Knit Tool Advisor
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Knit Tool Advisor


Here's some helpful information on basic knitting tools.
Craft Time: varies
 
 
 
 
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Material List

  • Knitting Tools and Accessories Vary with Project
 

Project Instructions

Step: 1

Choose the Needle Size for Your Yarn
Most yarn manufacturers now put the numbered yarn size symbol on their yarns along with a general needle size recommendation. This standard yarn weight system was developed by the Craft Yarn Council of America.


Step: 2

Sizes & Gauge
Knitting needle sizes are generally marked on the knob on straight needles or etched into the needles on bamboo and circulars. Most manufacturers include the US size and the metric size, which indicates the diameter of the needle.
Your pattern will specify the size needle recommended for the yarn by the designer. Sometimes a designer will specify a smaller or larger needle than the size normally associated with a particular yarn to get a certain effect.


Step: 3

Types of Knitting Needles
There are three basic needle types: straight, circular and double points. The pattern you choose may specify which type of needle to use, or use this handy chart to help you decide.


Step: 4

Mark It
Ring-shaped stitch markers are used to mark pattern repeats when knitting. Split lock or locking stitch markers can be used to mark a stitch whether knitting or crocheting.


Step: 5

Count It
Sometimes you need to keep track of how many rows you have knit or crocheted. Slide a row counteron your needle and you are ready to go. Choose the size to fit your needle.
Knitting in the round on a circular needle or Double Pointed needles? The universal knit count hangs from a ring and you can slide it from one needle to the next as you work.
The katcha-katcha counter is named for the sound it makes as you depress the top bar to advance the count.


Step: 6

Twist It
How are those beautiful Aran sweaters and afghans made? Stitches are slipped onto a cable needle and are shifted into beautiful intricate shapes. It’s really not as hard as you think! Cable needles come in different sizes and shapes. The choice between flying gull, straight or J cable needle comes down to personal preference.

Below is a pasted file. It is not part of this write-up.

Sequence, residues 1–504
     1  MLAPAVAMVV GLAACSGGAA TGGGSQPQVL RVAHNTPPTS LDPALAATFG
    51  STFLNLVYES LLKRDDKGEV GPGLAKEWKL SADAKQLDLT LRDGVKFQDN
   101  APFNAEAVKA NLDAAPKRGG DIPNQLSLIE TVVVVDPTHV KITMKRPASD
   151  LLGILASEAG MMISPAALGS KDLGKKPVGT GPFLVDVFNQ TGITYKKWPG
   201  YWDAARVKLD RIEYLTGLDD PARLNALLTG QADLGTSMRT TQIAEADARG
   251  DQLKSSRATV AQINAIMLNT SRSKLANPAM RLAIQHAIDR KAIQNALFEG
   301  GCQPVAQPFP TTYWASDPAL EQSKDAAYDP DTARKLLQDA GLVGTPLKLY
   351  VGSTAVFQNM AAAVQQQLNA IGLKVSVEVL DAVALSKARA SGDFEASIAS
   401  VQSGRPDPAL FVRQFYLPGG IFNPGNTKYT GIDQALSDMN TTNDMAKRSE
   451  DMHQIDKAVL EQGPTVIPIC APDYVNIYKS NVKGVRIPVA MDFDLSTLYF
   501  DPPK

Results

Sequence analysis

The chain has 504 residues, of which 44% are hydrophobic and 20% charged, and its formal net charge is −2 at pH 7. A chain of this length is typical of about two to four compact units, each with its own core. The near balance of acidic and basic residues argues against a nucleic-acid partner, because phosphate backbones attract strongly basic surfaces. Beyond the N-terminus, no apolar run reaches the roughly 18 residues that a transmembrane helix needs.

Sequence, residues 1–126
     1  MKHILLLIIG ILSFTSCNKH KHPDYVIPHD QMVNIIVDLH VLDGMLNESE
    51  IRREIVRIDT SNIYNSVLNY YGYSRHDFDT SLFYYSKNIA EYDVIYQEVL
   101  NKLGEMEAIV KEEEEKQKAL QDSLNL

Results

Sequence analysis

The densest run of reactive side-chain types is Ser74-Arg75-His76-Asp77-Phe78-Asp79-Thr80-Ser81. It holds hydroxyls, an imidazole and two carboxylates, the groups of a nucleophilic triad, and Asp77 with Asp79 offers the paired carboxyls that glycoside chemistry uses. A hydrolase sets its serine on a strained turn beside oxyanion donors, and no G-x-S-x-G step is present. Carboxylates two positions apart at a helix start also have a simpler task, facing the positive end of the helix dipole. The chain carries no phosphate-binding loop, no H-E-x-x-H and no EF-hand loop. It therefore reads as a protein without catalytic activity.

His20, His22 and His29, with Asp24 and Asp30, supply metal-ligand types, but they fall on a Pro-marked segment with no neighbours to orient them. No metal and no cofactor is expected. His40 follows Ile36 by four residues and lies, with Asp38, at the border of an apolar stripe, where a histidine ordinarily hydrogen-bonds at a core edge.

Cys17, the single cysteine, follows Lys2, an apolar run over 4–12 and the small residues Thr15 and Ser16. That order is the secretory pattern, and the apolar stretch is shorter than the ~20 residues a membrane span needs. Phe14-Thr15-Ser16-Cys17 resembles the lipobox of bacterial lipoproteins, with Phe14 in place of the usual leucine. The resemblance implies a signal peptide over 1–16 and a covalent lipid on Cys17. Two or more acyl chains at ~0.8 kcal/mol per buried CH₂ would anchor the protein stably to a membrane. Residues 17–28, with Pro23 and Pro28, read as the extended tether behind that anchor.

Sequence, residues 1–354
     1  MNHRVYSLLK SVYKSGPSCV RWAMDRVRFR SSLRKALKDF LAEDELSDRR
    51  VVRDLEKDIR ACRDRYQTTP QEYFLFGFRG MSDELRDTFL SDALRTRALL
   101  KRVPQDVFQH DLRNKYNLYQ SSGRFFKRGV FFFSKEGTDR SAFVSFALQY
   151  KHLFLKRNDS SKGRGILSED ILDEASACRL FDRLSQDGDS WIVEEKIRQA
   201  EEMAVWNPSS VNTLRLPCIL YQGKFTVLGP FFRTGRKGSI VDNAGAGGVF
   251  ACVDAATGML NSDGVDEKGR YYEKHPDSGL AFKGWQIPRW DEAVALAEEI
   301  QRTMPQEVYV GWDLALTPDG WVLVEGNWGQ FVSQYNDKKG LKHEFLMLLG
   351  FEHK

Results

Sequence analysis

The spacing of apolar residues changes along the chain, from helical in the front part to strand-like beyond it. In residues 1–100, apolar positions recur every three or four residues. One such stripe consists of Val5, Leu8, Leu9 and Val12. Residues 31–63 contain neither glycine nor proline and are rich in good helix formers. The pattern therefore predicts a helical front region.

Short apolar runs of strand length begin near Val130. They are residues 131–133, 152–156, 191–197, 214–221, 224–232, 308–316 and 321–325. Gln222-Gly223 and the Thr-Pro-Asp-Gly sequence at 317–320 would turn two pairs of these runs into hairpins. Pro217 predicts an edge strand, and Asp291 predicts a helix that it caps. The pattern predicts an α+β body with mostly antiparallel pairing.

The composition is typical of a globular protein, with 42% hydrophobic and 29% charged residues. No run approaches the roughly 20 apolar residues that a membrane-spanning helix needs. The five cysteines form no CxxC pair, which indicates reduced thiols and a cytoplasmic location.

Step: 7

Sew It
Yarn needles have a larger eye and a blunter tip than sewing needles. They can also be called tapestry needles usually in sizes 13 and 16. Bent tip needles make picking up stitches a breeze when using the mattress stitch to seam.
Used like pins in fabric sewing, seaming pins are larger with a blunt tip to hold pieces together when seaming without splitting the stitches.


Step: 8

Craft It
Tassels and Pom Poms are a great accent to a knitted scarf or hat. Handy tools in bright colors make the job more fun. Pom Pom makers come in several shapes and sizes making it easy to find a favorite.


Step: 9

What is I-Cord? It’s a knitted tube that you can use to decorate clothing, wind into placemats, make accessories and about anything you can think of. Instructions and great project ideas are included with each French Knitter. You can make larger diameter I-cord with the Wonder Knitter™.


Step: 10

Protect It
Protect your knitting needle investment by using point protectors to keep the tips of your needles from getting bent or scratched. They also keep your stitches on the needles when not in use. A needle case keeps your needles organized and protected with room to store a yarn needle and stitch counter or two.


Step: 11

Hold It
Sometimes the pattern will tell you to place stitches on a stitch holder to work later. Stitch holders can be aluminum or plastic and usually resemble safety pins. The size you need depends on how many stitches need to be held.


Tips

A safe way to cut your yarn or thread is to slide it into the recessed grooves on a yarn pendant, which cuts the yarn.